As a husband-and-wife team that has run a dairy farm for 38 years, we depend heavily on immigrant workers to milk our 1,400 cows and care for our 3,000 animals. Work on our farm is a demanding job requiring hard physical labor and constant attention to animal needs, and is performed round-the-clock in all weathers and seasons, indoors and out. This requires a special, dedicated workforce, and our immigrant workers have always been this workforce.
Now, like most dairy farmers in Colorado, we struggle to find enough workers to keep our dairy running smoothly, no matter how many help-wanted ads we put out. We’re lucky to have 23 of the 28 full-time workers we need to keep our cows comfortable and healthy. The labor shortage is our biggest challenge in creating the best conditions for our cows to produce milk and a profit for the farm.
That’s why we’re asking Congress to create a guest worker program that meets the labor needs of dairy farms like ours. The current agriculture program only provides seasonal workers. But in dairy farming, we need workers 24 hours a day all year long. In most of the country, immigrants account for about half of dairy workers. In Colorado, the percentage is much higher. Our dairy has a group of skilled workers who have been with us for years. In the past, a steady stream of workers found us through word of mouth. But that supply is shrinking, especially now that the state unemployment rate is 3.2 percent.
We are a part of a bipartisan coalition called the Colorado Compact, with members from immigrant-dependent industries ranging from agriculture, hospitality and construction to financial and health-care services, which is calling for smart immigration reform. The Compact supports national policies that would strengthen Colorado’s economy.
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Dairy farming is a crucial part of Colorado’s $40 billion agriculture industry, and we’re proud to have adopted the kind of improvements in technology, production and animal health that enabled the state’s 160,000 milk cows to generate more than $754 million in income in 2017. (That’s up from nearly $594 million five years earlier, according to the United States Department of Agriculture's 2018 Colorado Bulletin.) Labor shortages should not hold us back from fulfilling our potential as an industry and providing our state and country with the dairy products that help make us food-secure.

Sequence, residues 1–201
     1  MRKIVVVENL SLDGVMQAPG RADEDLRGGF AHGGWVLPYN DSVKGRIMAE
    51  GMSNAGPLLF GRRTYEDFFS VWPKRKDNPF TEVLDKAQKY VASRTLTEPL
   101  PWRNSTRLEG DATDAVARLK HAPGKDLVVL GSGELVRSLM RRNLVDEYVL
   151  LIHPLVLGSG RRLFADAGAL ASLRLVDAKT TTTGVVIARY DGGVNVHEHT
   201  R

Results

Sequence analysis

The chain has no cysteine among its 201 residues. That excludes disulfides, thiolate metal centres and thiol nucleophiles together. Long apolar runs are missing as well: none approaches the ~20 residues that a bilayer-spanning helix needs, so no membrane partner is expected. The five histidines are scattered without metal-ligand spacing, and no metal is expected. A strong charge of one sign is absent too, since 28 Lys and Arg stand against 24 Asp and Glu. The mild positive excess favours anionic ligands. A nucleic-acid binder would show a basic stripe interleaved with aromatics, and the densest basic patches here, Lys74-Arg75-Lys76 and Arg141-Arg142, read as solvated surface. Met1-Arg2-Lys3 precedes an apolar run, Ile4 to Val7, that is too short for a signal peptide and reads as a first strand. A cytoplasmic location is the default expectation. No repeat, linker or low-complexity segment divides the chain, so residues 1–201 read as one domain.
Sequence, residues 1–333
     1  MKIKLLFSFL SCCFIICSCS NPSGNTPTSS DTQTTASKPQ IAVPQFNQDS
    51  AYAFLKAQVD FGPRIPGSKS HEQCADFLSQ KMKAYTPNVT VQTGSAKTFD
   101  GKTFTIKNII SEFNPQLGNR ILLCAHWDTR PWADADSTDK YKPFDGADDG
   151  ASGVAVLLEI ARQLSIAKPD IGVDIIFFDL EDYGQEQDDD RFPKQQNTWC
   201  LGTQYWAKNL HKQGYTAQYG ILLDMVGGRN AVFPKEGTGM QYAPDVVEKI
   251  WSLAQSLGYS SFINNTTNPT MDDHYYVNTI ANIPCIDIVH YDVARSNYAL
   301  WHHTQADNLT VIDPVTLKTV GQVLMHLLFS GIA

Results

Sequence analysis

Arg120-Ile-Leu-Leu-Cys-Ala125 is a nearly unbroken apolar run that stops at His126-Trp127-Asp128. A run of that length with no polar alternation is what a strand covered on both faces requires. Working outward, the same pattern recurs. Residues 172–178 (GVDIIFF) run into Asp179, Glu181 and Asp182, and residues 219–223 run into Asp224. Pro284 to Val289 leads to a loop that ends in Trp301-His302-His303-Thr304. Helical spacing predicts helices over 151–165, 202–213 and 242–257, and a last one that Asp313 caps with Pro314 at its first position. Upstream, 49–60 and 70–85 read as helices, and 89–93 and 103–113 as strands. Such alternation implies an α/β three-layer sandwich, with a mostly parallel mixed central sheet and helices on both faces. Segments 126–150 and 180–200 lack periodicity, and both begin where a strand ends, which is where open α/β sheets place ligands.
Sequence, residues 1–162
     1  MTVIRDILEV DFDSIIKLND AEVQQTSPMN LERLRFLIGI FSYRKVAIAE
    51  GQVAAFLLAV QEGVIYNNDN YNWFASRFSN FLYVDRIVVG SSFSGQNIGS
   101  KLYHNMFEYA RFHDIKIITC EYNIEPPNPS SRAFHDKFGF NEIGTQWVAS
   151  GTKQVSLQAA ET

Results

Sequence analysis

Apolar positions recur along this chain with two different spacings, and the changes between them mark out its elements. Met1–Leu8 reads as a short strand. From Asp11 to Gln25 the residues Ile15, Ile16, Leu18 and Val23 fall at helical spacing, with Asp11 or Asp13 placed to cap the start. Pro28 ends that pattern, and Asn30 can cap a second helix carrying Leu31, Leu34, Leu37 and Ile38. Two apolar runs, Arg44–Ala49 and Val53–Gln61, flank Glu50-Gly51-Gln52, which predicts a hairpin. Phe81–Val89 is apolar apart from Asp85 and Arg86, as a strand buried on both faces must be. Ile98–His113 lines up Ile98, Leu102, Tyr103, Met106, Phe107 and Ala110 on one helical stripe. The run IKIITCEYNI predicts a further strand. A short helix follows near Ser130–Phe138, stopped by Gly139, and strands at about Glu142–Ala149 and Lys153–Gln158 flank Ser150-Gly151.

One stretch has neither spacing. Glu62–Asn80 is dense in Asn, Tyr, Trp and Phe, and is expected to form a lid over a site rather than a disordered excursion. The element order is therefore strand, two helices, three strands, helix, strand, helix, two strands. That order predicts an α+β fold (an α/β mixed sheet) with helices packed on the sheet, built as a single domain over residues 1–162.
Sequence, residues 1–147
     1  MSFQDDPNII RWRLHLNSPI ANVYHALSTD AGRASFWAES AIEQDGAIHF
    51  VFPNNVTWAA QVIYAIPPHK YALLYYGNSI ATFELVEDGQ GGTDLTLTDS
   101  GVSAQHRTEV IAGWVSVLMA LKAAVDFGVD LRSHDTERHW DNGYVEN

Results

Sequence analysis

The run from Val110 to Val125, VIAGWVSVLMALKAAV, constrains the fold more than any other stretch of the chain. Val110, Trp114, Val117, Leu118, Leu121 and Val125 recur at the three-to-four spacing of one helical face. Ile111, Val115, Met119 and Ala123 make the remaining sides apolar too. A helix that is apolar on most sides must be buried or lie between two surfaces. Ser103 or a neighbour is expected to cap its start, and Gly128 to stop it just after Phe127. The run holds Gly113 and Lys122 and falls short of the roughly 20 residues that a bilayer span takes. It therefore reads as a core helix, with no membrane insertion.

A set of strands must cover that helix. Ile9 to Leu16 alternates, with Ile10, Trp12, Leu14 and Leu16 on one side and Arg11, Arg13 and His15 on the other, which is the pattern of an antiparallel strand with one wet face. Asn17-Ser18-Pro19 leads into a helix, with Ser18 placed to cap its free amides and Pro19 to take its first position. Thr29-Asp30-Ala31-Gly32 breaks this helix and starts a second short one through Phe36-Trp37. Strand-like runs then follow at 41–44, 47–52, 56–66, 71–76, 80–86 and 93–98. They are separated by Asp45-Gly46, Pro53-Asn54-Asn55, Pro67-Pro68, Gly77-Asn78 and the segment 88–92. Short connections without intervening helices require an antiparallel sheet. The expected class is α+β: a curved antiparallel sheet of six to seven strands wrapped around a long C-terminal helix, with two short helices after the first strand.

Fruit, vegetable and other livestock farms are facing similar labor shortages and must often rely on skeleton crews. In some cases, they don’t have the labor to plant or harvest all of their crops. Meanwhile, as the local workforce ages out of the industry, fewer immigrants are coming to replace them. Between 2002 and 2014, the number of field and crop workers in Colorado, Nevada and Utah declined by nearly 37 percent, according to a report by New American Economy.
Our food supply depends on our immigrant workforce. Colorado farmers need a guest worker program that fills openings in a timely manner and allows our experienced workers to stay here to provide critical expertise and train new employees. All Colorado employers are in need of a modern immigration system to address long-term labor needs, whether we’re welcoming new foreign workers or empowering the 550,000 immigrants who already live and work here. Compact signers are committed to supporting legislation that prioritizes families, safe communities and the needs of businesses, while also protecting the interests of American workers. We’re delivering a strong message to our political leaders: Help us hire the people we need to help our state’s industries thrive, including the dairy farms that provide the meat and milk our country depends on.
Jon Slutsky and Susan Moore are the owners of La Luna Dairy in Wellington.
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